She’s put that mantra to use in her volunteer service as a student. Last year, she was president of Bobcat Media Productions, the student-run film and digital media production company—where she helped rebrand the group as Bobcat Studios and foster more community partnerships. During her time at Georgia College, Parry has also been extensively involved in her sorority Delta Gamma, worked with the Resident Student Association and served on the Student Government Association.

This year, Parry will serve as the PR coordinator for the student organization Swipe Out Hunger and as vice president of GC’s Circle of Omicron Delta Kappa, the National Leadership Honor Society. All this while being a member of Georgia College’s Honors College and continuing her work with Leadership Programs.

She’s grateful for all the experiences she’s had and for those who’ve helped guide and assist her during her time at Georgia College.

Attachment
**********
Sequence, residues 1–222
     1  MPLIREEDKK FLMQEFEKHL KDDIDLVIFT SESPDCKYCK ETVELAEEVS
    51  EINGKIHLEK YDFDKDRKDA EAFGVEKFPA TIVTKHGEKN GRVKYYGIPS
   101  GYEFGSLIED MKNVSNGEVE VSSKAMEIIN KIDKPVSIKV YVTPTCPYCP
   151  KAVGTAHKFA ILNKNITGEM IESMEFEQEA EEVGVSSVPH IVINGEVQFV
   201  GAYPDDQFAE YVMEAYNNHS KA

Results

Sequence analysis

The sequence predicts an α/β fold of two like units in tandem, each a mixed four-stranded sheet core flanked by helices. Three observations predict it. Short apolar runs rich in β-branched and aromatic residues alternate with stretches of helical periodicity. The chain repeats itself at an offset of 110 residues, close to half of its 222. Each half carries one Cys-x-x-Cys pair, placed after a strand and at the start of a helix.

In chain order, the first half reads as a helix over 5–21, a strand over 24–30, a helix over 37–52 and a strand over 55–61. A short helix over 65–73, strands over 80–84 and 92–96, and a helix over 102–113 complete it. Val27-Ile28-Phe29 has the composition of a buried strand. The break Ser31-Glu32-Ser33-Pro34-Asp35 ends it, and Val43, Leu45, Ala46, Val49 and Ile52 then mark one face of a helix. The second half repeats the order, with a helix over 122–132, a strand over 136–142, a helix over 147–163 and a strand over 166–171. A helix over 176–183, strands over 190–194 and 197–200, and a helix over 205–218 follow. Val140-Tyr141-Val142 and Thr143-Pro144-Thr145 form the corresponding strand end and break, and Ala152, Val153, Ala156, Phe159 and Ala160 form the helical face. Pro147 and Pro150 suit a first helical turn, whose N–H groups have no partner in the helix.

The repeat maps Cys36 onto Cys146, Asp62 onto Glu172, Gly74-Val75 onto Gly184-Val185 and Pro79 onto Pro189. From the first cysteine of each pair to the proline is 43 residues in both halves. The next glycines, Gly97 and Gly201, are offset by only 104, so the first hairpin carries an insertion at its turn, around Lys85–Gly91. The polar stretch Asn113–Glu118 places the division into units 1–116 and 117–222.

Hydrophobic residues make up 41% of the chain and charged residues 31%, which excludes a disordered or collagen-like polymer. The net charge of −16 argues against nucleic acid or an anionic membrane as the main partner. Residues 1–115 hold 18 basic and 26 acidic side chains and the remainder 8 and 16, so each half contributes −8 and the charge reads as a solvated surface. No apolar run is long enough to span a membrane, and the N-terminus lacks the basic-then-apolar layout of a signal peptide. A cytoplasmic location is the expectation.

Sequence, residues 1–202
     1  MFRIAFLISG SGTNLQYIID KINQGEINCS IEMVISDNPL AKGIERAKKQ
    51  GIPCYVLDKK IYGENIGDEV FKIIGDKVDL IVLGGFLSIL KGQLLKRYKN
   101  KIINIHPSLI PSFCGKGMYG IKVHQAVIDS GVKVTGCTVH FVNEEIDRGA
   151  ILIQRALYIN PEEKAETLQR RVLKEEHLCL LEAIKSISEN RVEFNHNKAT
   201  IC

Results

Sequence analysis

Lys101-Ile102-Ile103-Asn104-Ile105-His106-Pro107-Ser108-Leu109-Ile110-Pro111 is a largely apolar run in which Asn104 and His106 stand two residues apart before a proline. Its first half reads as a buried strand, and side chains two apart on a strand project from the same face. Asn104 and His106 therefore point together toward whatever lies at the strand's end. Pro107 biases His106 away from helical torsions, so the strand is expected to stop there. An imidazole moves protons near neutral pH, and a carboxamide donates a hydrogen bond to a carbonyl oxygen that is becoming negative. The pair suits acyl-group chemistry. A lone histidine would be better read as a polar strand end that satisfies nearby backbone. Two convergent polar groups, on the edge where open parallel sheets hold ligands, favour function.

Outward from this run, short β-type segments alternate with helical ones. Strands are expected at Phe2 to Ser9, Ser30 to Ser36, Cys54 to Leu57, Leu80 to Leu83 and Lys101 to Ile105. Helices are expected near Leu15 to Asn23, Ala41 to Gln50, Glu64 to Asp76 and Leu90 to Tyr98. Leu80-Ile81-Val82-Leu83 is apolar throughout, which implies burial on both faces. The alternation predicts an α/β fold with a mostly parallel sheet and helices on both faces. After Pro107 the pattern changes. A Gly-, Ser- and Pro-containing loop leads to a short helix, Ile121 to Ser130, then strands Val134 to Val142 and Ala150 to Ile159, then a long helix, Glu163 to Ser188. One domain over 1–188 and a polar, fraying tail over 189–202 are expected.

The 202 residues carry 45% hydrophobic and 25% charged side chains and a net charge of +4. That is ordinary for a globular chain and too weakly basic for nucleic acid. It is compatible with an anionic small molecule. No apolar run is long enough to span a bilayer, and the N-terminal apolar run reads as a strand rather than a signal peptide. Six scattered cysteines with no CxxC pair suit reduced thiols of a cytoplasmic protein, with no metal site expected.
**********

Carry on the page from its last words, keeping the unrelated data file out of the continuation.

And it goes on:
“Ashley Copeland, who is the assistant director of leadership programs, has been a fantastic mentor,” said Parry. “Dr. Christina Smith, Dr. Steven Elliot-Gower and Professor Amanda Respess — they are definitely my professor ‘shout outs.’ Professor Angela Criscoe has also been so supportive of me.”

For new students, she encourages them to be open-minded and free to explore their options during their time in college, just like she was.

“I was not afraid to try out new things and to change my major or minor, and that was really because of my experience when I first got here. So many people said ‘don't be afraid to change your major.’ Study what you enjoy,’” said Parry. “Try to harness those skills that you can transfer between careers because your career, it's going to evolve.”